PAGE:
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Lingzi Lu: A Boston Bombings Victim Chasing Her Math Dream In America

Zhao Chen |
April 17, 2013 | 1:44 p.m. PDT

Staff Reporter

Lingzi Lu, a graduate student from Shenyang, was killed in Monday's explosion. (Flickr)
Lingzi Lu, a graduate student from Shenyang, was killed in Monday's explosion. (Flickr)
Lingzi Lu, a Chinese graduate student at Boston University majoring in mathematics and statistics was identified as the third fatality in Monday's bombings in Boston.

Lu was born in the northeastern Chinese city of Shenyang and moved to Boston last fall to pursue her passion in mathematics and statistics, after graduating from the Beijing Institute of Technology.

According to CNN, Lu is a hardworking girl who had won academic scholarships during her undergraduate years in Beijing.

When she was still missing before confirmed dead, tens of thousands of messages searching for her had been spread on various social media, notably like Weibo, roughly the Chinese equivalent to Twitter, and Renren, similar to Facebook.

Yongkun Yang, a middle school teacher who has taught Lu, told Xinhua News that he is very worried about Lu's still being missing. "Although she has graduated long ago, I still have deep impression about her. She is very smart and down-to-earth. I hope we can find her safe and sound as soon as possible," he said.

Lu's last Weibo status is a picture she posted the day she died. It shows her breakfast: bread and a bowl of fruits with the English caption "My wonderful breakfast" and a smiley-face emoticon.

Her last Renren post features a catch paragraph shared by many Renren users several days ago. It loosely translates as:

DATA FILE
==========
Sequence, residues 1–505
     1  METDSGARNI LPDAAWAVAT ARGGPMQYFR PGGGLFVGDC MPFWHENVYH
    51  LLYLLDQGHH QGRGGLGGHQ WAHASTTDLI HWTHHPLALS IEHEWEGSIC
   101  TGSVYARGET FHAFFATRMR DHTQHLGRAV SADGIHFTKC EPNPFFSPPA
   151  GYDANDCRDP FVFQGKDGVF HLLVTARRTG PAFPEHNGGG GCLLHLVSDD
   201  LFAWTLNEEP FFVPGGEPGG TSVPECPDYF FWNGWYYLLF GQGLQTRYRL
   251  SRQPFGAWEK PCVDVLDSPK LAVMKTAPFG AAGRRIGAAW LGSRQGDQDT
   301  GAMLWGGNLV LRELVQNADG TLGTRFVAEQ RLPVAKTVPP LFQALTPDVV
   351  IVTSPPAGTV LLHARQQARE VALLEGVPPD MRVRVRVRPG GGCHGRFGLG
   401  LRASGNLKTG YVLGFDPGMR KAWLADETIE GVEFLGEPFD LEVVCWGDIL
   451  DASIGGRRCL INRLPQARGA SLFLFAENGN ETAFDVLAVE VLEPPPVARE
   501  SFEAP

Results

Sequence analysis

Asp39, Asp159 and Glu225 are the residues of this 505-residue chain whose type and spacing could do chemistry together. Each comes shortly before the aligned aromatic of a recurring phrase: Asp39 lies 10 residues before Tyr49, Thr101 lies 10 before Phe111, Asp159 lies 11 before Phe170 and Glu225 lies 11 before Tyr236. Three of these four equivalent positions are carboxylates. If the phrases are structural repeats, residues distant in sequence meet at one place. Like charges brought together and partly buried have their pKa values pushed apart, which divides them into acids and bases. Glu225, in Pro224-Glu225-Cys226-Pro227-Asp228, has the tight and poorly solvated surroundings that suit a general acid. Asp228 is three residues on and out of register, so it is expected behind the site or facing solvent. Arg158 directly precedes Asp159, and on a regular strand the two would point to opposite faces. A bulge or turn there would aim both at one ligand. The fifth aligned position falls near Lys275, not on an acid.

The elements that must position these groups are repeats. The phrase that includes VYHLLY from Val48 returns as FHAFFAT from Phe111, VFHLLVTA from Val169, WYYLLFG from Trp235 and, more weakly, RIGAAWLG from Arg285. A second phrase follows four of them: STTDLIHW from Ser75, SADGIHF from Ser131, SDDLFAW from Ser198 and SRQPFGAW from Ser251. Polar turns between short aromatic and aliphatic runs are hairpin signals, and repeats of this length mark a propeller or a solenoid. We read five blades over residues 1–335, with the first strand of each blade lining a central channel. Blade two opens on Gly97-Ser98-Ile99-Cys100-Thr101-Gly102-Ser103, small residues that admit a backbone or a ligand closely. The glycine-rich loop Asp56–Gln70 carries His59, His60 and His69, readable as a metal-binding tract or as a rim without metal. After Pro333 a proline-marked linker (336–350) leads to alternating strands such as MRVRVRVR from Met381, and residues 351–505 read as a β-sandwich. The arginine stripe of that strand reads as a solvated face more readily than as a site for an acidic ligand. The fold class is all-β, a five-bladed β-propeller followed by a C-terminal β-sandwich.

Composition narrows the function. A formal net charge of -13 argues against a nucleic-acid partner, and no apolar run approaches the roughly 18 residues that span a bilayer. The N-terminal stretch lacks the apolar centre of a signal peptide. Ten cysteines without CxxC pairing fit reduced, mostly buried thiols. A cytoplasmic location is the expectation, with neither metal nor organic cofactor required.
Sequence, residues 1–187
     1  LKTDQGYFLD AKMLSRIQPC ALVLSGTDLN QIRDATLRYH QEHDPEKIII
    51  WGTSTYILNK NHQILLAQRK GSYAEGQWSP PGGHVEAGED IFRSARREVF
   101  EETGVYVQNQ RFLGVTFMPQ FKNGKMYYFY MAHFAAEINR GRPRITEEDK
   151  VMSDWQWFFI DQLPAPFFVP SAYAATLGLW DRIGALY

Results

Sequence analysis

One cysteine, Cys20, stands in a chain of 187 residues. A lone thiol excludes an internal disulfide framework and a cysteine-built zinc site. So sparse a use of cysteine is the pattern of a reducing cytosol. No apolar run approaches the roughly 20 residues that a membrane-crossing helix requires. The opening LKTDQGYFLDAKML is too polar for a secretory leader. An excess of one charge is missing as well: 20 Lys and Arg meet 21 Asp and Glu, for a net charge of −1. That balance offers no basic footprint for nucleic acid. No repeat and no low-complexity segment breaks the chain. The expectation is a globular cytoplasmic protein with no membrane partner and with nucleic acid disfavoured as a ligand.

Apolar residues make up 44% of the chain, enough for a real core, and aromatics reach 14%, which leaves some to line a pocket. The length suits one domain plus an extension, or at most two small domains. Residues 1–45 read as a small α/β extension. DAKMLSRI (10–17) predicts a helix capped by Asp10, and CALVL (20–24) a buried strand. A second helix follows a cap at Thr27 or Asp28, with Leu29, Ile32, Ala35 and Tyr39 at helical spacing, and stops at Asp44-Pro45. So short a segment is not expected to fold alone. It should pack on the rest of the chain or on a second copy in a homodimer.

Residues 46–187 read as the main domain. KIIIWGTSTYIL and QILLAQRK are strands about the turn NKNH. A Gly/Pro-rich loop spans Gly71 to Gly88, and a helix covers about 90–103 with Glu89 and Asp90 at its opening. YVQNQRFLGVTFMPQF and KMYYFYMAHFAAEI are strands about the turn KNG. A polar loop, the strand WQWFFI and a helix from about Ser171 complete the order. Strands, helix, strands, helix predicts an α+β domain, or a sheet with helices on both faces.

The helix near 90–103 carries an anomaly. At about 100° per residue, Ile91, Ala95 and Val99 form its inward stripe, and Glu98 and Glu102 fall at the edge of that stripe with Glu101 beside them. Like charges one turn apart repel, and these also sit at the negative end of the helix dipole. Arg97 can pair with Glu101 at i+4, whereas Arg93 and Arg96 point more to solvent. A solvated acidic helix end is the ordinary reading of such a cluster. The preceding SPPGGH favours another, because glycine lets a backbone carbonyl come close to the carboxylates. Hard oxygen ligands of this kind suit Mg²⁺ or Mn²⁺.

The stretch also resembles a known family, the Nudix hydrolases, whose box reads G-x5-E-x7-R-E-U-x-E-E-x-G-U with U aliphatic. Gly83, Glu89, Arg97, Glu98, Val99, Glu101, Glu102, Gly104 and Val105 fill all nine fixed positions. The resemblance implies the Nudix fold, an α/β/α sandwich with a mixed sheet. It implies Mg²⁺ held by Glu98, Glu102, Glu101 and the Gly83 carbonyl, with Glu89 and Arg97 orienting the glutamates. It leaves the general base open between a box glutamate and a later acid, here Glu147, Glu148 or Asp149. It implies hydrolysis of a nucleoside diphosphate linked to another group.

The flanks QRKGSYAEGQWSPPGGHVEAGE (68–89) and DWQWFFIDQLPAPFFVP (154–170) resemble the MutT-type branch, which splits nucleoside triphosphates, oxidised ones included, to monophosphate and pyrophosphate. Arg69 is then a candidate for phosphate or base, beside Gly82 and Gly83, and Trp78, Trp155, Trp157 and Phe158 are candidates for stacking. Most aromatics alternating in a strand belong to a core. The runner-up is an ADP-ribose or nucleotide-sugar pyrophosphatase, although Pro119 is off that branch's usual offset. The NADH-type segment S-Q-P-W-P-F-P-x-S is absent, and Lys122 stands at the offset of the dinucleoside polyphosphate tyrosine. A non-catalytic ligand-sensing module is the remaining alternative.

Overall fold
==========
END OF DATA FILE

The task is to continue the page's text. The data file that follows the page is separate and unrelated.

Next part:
"For a woman, it is worthwhile to pursue doctorate degree. Because if you meet your Mr. Right in pursuit of a doctor's degree, then congratulations you find the one that can tolerate the craziest part of you; if you are alone in pursuit of a doctor's degree, then congratulations, you don't need any men in you life."

According to Xinhua News, her parents began trying to contact her, ultimately in vain, once they heard about the explosion in Boston. They then contacted the Chinese consulate for assistant.

However, there were still malicious and outrageous comments about her death circulating on China's social media. Some speculated Lu is one of the so-called "second generation of the rich" whose death, they argue, is not worth sympathy.

Some of Lu's friends called those comments ruthless and heartless. In a open letter, Yuan Yuan, one of her college schoolmates, recalled the happy times she spent together with Lu, and called for no more hurting of this fragile and grieving family.

"You are such a beautiful girl bringing happiness to everyone. May pain and hurt away from you and God has gained another angel," Yuan wrote.

Reach Staff Reporter Zhao Chen here.



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